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Nanoscale proximity of a free interface and an ice nucleating particle is a sufficient condition for contact freezing

Contact freezing of water is a very fast and common process that is still not well understood due to challenges in probing this microscopic phenomenon. Now, molecular dynamics simulations help to explain experimental data of contact freezing, showing a connection between water’s suspected propensity to undergo surface freezing and the kinetic enhancement during contact nucleation.

During atmospheric ice nucleation, dry ice nucleating particles and a water droplet can collide, resulting in accelerated nucleation. This complex process is called contact freezing and occurs within picoseconds and at the nanoscale. Its kinetics and mechanism are affected by many factors, which have yet to be fully understood. Now, Sarwar Hussain and Amir Haji-Akbari from Yale University, USA, simulated the heterogeneous nucleation of two water model ices within supported nanofilms of the supercooled liquid, and found a connection between water surface freezing propensity and kinetic enhancement during contact nucleation (

“It has been known since the 1950s that contact freezing occurs at rates several orders of magnitude higher than immersion freezing, which is the dominant mode of heterogeneous ice nucleation”, says Haji-Akbari. “The origin of this enhancement, however, is still a mystery, with at least six competing theories for it in the current literature”. Collision-induced transient perturbations have long been thought to be the main cause of the fast freezing, but experimental findings2 indicated the importance of nucleating particles being in close proximity to free liquid interfaces.

To isolate the governing mechanistic factors, Hussain and Haji-Akbari used molecular dynamics simulations alongside their recently developed forward flux sampling algorithm with jumpy order parameters3 on two water-like tetrahedral liquids. “Midway through the study, we figured out that some of our calculations were strongly impacted by finite size effects. As a result, we repeated those calculations at a lower temperature and within considerably larger simulation boxes”, recalls Haji-Akbari. To detect and treat such finite size artifacts in studies of heterogeneous ice nucleation, the researchers have developed a rigorous heuristic4. Analyzing the results using a generalization of classical nucleation theory, the researchers ultimately found that nanoscale proximity causes freezing, but only if the free interface has a tendency to enhance homogeneous nucleation. That tendency is suspected for water and is referred to as surface freezing propensity5.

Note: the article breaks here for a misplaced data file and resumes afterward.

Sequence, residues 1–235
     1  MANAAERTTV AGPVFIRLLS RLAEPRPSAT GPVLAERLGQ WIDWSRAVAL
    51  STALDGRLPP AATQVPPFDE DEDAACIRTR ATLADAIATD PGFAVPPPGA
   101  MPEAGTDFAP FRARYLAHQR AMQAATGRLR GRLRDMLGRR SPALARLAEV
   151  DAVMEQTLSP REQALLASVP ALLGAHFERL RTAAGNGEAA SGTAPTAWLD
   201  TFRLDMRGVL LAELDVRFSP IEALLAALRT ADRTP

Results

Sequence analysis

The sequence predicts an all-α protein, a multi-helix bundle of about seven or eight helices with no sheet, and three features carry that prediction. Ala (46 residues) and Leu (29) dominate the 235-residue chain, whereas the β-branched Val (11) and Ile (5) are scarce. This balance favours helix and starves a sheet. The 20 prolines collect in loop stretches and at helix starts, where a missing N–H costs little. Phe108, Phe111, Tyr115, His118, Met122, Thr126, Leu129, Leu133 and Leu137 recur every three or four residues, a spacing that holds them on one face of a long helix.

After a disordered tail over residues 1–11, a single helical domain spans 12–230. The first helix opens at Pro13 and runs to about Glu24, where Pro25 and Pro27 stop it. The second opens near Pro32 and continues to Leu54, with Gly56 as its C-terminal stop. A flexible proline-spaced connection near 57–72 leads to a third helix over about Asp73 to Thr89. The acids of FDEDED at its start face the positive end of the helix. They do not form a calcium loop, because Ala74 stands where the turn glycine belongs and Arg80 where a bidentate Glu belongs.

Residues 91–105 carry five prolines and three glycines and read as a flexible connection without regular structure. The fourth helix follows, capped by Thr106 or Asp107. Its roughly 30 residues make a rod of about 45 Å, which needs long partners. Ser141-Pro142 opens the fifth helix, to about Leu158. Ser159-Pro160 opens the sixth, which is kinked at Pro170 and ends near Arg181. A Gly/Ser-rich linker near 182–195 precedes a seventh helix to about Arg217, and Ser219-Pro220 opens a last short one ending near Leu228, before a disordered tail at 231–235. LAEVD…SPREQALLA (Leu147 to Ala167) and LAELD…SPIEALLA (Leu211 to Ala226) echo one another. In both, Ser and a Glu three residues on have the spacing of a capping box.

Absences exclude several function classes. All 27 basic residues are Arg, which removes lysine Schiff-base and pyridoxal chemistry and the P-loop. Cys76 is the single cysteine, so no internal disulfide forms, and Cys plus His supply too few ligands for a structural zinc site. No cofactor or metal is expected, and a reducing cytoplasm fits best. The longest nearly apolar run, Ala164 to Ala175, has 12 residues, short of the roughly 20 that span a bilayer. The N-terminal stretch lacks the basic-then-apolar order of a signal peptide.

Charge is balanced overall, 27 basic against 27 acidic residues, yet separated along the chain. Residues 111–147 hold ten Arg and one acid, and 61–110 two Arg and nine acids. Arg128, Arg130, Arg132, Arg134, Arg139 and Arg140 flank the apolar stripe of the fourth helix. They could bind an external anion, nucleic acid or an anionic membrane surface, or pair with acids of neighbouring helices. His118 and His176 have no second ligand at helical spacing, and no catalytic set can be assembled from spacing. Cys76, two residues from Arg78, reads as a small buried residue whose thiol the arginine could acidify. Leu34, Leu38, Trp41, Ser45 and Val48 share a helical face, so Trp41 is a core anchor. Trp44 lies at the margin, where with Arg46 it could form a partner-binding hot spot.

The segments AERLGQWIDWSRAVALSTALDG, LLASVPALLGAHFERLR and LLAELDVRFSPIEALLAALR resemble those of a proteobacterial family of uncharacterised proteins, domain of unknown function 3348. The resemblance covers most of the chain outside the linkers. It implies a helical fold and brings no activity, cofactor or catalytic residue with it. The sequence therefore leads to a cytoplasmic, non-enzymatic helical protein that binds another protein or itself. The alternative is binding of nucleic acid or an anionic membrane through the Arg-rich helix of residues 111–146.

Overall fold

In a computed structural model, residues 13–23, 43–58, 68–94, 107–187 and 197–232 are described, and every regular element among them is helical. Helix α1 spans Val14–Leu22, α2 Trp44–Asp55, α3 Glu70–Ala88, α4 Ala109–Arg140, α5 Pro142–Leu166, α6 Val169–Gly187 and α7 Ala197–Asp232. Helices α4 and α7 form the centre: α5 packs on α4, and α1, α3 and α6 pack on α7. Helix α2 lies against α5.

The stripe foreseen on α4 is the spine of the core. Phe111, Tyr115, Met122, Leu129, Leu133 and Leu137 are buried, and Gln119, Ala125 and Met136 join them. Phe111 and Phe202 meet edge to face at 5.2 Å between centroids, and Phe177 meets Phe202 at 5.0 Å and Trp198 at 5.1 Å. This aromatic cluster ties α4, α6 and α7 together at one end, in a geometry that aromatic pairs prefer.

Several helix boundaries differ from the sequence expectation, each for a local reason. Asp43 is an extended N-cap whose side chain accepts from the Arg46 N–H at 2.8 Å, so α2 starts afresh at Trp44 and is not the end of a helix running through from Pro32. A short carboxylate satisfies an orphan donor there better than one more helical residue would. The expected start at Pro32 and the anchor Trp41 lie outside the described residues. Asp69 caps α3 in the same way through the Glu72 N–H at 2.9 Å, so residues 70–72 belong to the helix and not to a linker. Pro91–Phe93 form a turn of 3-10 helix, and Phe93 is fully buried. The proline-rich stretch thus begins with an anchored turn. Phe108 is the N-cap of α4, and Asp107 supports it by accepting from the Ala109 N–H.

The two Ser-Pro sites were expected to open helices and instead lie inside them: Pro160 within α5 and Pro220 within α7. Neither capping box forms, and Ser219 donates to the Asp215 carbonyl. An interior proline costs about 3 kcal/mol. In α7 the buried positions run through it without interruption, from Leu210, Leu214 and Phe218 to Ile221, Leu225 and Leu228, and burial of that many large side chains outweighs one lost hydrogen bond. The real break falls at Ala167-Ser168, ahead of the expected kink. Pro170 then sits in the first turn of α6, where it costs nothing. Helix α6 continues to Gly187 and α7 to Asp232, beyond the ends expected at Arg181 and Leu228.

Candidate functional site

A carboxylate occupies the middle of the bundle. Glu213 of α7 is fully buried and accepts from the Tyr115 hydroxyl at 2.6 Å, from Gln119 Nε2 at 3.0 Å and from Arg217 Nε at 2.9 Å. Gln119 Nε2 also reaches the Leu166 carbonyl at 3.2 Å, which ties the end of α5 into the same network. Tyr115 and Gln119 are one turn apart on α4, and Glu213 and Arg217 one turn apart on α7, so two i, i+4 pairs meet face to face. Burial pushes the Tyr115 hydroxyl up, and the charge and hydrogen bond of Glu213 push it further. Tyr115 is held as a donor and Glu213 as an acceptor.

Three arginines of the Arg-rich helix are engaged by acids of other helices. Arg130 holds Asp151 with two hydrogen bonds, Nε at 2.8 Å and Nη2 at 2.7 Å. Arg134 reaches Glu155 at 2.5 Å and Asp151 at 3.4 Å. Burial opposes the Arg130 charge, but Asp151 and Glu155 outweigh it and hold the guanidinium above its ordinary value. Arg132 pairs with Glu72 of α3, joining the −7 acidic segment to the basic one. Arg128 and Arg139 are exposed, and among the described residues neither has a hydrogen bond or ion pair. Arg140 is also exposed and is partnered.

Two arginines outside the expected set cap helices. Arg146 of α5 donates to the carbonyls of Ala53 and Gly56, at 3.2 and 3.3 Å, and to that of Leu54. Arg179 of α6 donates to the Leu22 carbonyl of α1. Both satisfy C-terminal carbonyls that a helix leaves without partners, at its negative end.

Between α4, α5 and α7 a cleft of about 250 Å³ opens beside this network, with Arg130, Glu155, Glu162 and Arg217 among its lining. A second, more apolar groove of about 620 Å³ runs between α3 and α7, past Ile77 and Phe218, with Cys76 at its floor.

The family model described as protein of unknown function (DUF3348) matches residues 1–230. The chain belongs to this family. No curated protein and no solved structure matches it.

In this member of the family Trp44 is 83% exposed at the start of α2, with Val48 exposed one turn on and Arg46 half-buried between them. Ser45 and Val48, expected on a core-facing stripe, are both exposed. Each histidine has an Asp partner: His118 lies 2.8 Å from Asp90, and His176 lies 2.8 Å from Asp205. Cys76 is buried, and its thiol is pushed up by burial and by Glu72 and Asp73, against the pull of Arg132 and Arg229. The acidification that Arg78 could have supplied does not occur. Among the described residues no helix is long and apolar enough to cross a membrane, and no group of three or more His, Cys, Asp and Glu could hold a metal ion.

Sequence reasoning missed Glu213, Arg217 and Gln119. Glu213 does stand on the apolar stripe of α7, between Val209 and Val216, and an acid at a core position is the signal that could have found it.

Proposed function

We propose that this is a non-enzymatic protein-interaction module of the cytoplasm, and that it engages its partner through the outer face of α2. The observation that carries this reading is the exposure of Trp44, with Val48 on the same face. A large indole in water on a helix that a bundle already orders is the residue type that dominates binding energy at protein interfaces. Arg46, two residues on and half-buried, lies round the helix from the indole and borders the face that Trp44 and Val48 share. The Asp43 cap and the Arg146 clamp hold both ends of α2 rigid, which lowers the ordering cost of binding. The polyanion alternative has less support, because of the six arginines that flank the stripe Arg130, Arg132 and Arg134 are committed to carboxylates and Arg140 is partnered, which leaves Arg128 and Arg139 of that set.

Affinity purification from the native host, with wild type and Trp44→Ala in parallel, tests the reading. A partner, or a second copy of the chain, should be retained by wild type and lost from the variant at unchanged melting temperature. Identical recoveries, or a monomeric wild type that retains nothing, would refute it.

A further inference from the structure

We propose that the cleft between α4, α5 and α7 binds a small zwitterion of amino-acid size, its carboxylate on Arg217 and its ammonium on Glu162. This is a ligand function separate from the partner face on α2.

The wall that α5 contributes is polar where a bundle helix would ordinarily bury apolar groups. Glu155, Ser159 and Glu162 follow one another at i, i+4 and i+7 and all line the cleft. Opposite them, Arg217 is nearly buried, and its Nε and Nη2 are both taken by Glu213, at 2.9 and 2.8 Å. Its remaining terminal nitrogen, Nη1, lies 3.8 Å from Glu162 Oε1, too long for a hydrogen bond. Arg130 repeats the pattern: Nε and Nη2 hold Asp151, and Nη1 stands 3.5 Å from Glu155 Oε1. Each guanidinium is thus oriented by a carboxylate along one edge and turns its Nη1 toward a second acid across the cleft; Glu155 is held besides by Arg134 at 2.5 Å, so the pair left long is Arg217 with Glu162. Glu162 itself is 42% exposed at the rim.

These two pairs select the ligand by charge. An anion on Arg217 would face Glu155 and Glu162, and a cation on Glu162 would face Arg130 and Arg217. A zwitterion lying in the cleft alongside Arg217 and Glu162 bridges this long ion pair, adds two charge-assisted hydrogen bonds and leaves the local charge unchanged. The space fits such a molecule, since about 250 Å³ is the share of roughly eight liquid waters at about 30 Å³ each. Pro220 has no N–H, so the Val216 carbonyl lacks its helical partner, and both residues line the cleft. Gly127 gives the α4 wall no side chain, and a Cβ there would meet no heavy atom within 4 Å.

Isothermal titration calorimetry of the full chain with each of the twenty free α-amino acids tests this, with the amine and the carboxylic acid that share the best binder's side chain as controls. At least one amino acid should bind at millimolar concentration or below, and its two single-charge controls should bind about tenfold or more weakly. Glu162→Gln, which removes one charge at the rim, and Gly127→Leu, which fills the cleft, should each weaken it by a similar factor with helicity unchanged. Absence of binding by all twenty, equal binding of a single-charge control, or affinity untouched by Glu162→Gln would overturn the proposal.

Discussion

In addition, a new nucleation mechanism was identified that involves the formation of hourglass-shaped, crystalline nuclei that grow at both the free interface within the supercooled water and from the interface with the support (Fig. 1a). Hourglass-shaped nuclei are easier to form, as the free interface of a water microdroplet is suspected of enhancing ice nucleation in the absence of other ice nucleating particles, and will likely do the same for heterogeneous nucleation if the ice nucleating surface is sufficiently close to it. That effect alone was, however, not enough to quantitatively explain the observed additional increase in the freezing rate over classical heterogeneous nucleation. The researchers found a modulation of the free interfacial structure of the simulated water films, which results in a decrease in the effective contact angle.

“Our work provides a framework for understanding crystal nucleation in supported nanofilms or in liquids that are next to surfaces with nano-patches of different chemistries and topographies. Examples of such surfaces include self-assembled block copolymers, and ice-nucleating and antifreeze proteins,” concludes Haji-Akbari.

Fig. 1: Nucleation pathways in an ultrathin film of model water at 170 K.

Three representative freezing pathways for nuclei that start (a) at both interfaces, (b) at the free interface only, and (c) at the ice nucleating particle (here the graphene support). The ice nucleating particles and water droplets are depicted in dark red and light blue, respectively, on a graphene support (green). The number of molecules within the largest crystalline nucleus is given as the order parameter ξ. Each configuration is a progeny of the configuration to its left. Reproduced from1, copyright (2021) American Chemical Society.


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Correspondence to Teresa S. Ortner.

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Ortner, T.S. Nanoscale proximity of a free interface and an ice nucleating particle is a sufficient condition for contact freezing. Commun Chem 4, 39 (2021).

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